TP18 panelists discuss navigating a tech company

(Photo: Shutterstock)

One of the main points of focus at the Transparency18 conference–especially as Tuesday saw 35 startups on Demo Day sharing their solutions–was technology. The TP18 panel, Navigating the Waters of Becoming a Tech Company, was moderated by Tom Albrecht. Albrecht is CFO (and chief strategy officer) of Celadon and has nearly three decades in transportation research focusing on key surface transportation freight trends. He joined Celadon in October. During the panel he said he knew full well the challenge he was getting into as they focus on rebooting the company after an accounting scandal.

The panelists were composed of Andy Moses, Robert Nathan, and Eric Rempel.

Moses is senior vice president of product management at Penske Logistics. Nathan is CEO of LoadDelivered, a company he founded in 2008, which led to his co-founding of Logistcal Labs in 2013, a supply chain software firm that provides insights through data analytics and machine learning technology. Rempel is chief information officer for Redwood Logistics. Redwood is a privately held top-100 provider of a wide range of strategically integrated services. For more than 15 years, the company has been providing solutions for moving and managing freight and sharing its knowledge across North America.

Among other things, Moses says to expect the rise of the 4PL. 3PLs have been managing companies’ operations for years, but with new data streams and technologies such as blockchain that allow disparate systems to operate in a single, unified and trusted chain, responsibility and accountability in helping the customer reach its strategic goals is becoming the new standard.

Nathan says that one of the enormous advantages of being a tech company is that “we’re able to test better and faster.”

Albrecht emphasized that we’re “awash in data.” The question is, however, “what are we doing with all these reports?”

“We’ve tried to simplify the number of reports in the short term, and develop an action plan for what to do with all the data,” he said. “While simplifying, it’s also just more effective. More data doesn’t do any good if you don’t know what to do with it.”

The panelists also discussed the most pressing standards that need to be developed to move blockchain forward.

“The standards are critical,” said Rempel. “The standards though are less important than the ecosystem you create. Uniformity, adoption, scale is the idea. Adoption is where you get critical mass. The problem of adoption right now is a people problem. We have to find the applications to get the adopters. Then the standards can be more easily developed. We need value and scale first.”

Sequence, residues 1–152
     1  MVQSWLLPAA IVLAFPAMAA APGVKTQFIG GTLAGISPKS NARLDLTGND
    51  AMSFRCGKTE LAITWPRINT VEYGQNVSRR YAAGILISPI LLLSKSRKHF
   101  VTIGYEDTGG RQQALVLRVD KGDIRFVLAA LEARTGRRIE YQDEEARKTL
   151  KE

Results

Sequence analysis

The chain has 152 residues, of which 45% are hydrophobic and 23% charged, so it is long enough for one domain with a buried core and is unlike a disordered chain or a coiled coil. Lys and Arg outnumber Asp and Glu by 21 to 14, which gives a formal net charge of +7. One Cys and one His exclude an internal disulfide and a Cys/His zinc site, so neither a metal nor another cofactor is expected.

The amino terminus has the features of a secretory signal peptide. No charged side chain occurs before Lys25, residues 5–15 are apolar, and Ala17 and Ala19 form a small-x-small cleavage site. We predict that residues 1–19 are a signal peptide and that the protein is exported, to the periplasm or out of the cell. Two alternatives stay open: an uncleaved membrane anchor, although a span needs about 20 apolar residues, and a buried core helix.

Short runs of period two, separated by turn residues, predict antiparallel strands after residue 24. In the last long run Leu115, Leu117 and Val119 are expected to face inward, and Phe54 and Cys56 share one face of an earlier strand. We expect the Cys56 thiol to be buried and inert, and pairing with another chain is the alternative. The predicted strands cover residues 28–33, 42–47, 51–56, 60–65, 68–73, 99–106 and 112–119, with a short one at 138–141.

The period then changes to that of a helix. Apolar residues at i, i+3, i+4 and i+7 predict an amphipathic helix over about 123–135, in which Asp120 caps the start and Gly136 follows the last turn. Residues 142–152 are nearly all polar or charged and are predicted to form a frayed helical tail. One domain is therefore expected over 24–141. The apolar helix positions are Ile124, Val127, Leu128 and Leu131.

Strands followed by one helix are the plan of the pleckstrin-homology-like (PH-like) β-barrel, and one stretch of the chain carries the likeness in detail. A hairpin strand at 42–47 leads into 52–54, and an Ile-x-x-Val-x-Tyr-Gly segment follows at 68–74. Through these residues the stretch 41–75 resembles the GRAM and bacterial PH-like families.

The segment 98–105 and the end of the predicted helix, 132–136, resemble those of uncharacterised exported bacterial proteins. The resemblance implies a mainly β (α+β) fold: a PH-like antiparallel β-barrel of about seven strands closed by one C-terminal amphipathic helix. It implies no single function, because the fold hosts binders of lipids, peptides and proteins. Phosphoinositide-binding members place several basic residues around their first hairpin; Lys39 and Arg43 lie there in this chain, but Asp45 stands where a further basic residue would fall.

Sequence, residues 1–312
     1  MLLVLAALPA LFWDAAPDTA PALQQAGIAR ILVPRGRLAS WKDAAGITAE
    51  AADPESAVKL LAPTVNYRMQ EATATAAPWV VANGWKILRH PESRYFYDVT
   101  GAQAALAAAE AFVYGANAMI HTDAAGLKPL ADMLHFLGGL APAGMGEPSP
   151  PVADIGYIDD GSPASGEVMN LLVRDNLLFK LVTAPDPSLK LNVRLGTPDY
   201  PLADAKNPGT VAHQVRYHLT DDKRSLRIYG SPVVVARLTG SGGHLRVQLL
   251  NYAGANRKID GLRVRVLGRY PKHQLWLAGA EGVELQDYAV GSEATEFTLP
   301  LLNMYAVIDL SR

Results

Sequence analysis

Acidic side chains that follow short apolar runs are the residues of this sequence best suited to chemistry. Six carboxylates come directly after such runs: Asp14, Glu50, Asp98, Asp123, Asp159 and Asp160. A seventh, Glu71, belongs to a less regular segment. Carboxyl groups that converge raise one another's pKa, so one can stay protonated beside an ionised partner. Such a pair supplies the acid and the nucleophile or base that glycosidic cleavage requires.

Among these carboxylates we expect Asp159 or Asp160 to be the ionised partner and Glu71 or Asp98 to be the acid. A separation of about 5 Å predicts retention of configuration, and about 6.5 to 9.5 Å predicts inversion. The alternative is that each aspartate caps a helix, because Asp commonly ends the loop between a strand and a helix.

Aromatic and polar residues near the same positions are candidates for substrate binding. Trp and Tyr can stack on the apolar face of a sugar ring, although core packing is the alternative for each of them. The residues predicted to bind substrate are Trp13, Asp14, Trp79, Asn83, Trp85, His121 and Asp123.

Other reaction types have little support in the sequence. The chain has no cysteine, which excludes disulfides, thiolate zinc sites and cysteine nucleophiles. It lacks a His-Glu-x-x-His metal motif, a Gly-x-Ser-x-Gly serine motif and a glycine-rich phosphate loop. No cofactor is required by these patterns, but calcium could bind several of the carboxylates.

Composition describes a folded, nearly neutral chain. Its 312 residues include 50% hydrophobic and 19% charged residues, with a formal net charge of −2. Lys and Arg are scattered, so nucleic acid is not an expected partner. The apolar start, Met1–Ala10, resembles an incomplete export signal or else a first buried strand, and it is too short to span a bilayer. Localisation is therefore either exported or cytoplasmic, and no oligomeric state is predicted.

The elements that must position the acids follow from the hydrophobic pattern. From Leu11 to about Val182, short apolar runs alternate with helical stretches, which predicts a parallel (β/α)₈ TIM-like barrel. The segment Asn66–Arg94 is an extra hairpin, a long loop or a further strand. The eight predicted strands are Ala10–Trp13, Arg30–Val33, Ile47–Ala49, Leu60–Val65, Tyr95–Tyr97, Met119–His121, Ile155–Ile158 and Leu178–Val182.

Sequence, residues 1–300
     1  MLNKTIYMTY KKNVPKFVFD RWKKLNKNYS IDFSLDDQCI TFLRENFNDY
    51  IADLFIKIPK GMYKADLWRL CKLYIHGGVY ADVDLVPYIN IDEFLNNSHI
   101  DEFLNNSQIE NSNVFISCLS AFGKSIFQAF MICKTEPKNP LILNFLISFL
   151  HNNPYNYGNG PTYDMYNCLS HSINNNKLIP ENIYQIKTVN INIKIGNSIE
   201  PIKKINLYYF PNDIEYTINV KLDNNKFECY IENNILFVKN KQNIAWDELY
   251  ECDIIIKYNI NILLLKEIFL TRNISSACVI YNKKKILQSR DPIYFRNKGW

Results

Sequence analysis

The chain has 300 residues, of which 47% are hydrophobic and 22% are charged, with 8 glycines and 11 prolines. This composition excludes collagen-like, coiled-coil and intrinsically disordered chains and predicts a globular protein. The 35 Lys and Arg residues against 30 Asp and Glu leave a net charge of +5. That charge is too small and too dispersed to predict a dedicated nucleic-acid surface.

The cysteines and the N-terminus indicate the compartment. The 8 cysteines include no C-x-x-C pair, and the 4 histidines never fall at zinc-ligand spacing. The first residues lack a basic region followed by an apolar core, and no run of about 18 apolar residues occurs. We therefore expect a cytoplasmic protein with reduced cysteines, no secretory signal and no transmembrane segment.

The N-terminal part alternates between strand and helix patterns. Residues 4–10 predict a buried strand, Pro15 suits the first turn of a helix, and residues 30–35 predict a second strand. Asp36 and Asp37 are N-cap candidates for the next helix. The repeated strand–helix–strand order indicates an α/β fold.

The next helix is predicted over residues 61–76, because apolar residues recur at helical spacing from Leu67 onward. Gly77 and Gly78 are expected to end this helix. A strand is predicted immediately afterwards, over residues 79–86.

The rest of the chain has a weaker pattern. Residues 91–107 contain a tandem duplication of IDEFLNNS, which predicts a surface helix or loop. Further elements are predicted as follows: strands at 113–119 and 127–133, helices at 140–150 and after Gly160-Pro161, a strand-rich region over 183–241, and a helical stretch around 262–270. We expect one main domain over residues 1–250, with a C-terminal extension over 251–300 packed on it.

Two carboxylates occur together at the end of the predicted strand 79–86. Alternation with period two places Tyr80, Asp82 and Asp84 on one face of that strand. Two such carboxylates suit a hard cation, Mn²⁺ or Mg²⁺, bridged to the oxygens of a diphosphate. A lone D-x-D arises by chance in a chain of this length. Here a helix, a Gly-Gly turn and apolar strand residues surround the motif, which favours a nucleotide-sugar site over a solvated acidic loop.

Moses was concerned with what happens to the little guys in all the major industry changes. “I’m worried about the smaller businesses,” he said.

“Any emerging technology that becomes challenging for small businesses to adopt constrains things too. Another issue is lawyers and all the legal-to-legal matters. It’s going to be an important matter.”

“Starting with little bitty projects, much like Bettina Warburg said. It might be a few years away yet,” said Albrecht.

Warburg had just completed her keynote address an hour prior to the panel, and encouraged companies to start asking the right questions.

“We all need to be a little more like Leonardo da Vinci who was an artist and a scientist,” Warburg said in her address. “Like his flying machine. We need to use technologies to design faster. We can simulate our supply chains and test and learn from them. That should be each and every one of our goals.”

In terms of moving data from one blockchain to another Nathan emphasized the bottom line of trust. “Without trust there’s not going to be any movement,” he said. “Who even knows if it’ll be called blockchain in the future?”

“Other questions we’ll be asking is ‘What about foundational practice standards and who the customers are? When you move something, who are you working for? Your logistics company, Clorox, Walmart?’”

“Every single company in the B2B world is both a technology company and a service company,” said Nathan. “You can’t just be an organization that uses technology; you will be a technology company.”

“We use technology now like we use electricity,” said Albrecht.

The question remains, how do companies strategize and adopt to the rapid flow of change and hit the opportunities as they arise?

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Chad Prevost

Chad is radio host and broadcast media specialist for FreightWaves.